The Other Imprisoned Journalists
I'm pleased that Roxana Saberi has been released by the Iranian government. Clearly they found the public relations hit too much to take, and this augurs well for their sensitivity to global public opinion and their desire to put negotiations with the US over their nuclear program on a firm footing.
There's more than one journalist held as a political prisoner around the world, however, some by this country's military in the Middle East. Those are important, but I want to hone in on the journalist I actually know now being held in North Korea. Things are not improving on that front:
Under international criminal law, defendants have the right to access diplomatic officers of their own state. But American journalists Euna Lee and Laura Ling, detained for nearly two months, haven't been allowed contact with Western officials since March 30. A South Korean man known only by his surname, Yu, also has been kept from any contact with officials from his country, according to the South's Unification Ministry.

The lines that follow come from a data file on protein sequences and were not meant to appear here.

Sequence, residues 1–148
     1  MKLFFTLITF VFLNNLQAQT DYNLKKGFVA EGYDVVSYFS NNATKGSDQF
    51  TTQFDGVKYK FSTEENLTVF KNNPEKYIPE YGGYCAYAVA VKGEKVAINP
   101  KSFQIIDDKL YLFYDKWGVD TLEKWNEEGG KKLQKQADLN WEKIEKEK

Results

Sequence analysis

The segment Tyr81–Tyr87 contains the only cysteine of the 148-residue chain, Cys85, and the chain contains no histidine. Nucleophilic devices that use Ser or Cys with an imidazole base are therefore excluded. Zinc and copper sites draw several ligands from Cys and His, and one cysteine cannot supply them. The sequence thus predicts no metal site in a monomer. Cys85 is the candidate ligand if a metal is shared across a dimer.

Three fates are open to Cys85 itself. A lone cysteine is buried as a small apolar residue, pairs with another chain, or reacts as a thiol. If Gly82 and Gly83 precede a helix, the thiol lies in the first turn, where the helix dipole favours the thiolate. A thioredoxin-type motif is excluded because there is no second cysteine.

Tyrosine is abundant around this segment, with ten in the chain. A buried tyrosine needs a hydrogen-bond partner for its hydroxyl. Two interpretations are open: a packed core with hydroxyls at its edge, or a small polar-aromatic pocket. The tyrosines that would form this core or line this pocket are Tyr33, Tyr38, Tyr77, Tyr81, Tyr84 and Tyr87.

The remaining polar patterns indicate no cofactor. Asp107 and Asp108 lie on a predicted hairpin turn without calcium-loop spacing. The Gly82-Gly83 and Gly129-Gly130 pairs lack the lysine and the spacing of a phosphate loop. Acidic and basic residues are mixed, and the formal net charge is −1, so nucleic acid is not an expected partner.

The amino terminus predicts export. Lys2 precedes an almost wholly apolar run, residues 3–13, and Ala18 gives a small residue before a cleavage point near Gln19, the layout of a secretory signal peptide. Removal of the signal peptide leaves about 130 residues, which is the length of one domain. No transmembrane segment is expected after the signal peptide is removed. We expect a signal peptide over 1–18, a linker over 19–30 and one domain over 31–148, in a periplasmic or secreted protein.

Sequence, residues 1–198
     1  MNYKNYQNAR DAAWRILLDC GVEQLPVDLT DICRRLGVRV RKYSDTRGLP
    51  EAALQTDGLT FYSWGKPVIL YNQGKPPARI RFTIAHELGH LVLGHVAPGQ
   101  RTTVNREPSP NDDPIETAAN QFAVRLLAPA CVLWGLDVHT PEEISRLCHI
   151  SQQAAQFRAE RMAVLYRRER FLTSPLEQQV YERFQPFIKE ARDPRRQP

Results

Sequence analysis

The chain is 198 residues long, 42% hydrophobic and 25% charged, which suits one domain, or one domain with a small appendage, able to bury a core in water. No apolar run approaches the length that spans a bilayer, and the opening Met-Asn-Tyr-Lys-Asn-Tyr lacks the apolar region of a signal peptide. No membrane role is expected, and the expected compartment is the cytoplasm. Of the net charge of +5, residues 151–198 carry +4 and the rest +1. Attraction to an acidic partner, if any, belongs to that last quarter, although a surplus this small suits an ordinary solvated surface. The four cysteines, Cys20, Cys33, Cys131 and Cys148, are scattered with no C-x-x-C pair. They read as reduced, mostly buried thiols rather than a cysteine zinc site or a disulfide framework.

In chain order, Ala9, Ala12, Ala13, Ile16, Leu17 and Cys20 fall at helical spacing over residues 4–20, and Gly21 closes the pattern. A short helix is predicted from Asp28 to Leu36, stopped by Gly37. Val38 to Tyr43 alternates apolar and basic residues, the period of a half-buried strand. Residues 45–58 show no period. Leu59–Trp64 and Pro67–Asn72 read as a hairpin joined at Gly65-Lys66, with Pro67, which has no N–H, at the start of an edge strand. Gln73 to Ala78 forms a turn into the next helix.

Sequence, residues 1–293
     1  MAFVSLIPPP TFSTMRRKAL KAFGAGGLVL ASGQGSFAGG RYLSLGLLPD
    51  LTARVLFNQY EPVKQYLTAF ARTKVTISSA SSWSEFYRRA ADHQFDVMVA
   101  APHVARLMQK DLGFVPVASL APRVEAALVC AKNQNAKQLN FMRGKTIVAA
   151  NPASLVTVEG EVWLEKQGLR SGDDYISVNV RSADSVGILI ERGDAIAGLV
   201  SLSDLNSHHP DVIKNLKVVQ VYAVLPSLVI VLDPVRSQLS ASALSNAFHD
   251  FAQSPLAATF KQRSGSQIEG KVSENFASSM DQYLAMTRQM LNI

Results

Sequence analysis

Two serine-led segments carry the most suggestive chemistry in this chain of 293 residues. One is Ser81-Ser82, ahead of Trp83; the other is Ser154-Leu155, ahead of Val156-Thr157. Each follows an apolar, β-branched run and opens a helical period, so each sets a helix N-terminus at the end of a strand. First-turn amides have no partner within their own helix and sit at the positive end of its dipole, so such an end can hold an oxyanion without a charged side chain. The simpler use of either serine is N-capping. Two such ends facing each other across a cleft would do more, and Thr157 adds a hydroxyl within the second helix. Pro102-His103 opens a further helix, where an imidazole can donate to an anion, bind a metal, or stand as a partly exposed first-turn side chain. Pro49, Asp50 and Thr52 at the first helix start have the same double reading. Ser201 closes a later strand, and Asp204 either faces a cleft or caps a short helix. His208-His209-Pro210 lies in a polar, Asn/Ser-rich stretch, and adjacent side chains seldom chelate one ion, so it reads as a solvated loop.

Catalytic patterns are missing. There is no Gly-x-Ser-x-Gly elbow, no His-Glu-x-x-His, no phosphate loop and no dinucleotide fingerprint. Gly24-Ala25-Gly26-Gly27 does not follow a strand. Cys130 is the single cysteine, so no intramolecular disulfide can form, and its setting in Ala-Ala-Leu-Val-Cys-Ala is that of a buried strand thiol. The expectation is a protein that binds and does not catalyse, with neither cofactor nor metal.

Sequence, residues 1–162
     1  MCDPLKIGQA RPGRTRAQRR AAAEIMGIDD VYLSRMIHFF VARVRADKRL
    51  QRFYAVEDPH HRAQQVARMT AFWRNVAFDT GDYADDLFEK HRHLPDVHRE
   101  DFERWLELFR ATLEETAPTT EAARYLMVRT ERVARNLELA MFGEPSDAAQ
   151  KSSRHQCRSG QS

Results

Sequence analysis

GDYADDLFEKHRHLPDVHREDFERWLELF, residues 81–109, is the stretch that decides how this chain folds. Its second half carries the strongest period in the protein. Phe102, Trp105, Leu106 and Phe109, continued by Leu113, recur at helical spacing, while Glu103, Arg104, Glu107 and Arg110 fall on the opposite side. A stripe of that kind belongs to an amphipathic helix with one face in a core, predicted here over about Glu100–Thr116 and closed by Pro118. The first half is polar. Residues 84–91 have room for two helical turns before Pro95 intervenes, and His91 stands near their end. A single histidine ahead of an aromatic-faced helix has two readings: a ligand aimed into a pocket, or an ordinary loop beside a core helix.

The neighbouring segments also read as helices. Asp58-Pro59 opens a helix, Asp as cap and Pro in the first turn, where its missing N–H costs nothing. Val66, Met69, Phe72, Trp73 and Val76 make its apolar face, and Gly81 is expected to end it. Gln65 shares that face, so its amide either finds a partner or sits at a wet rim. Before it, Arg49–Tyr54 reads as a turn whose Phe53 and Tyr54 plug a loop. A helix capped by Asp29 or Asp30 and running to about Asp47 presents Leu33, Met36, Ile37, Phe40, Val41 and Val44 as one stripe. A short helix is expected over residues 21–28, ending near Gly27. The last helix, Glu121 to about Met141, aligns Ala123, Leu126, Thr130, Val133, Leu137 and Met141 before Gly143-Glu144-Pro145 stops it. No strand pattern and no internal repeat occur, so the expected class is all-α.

The North said on April 24 that it would put the two women on trial for "hostile acts," in what would be its first trial of Americans, but it didn't say when. It has given no details to the U.S. or to Sweden, which has diplomatic relations with North Korea and provides services to U.S. citizens in the country.
Mats Foyer, the Swedish ambassador in Pyongyang, met with Ms. Lee and Ms. Ling separately on March 30. He declined to comment on the situation late last week, and referred questions to the State Department. An official there said Mr. Foyer has "repeatedly requested additional visits," but none have been allowed.
U.S. officials have said less about Ms. Lee and Ms. Ling than they have about an American reporter, Roxana Saberi, who was recently convicted of espionage in Iran. The strategy is partly a gamble that not provoking the North Koreans may lead to a speedy resolution, analysts say, but it's also a sign of the increased uncertainty in dealing with Pyongyang.
We've actually made connections with the Iranian government under Obama, but less so with North Korea. Euna Lee and Laura Ling are paying for the lack of outreach.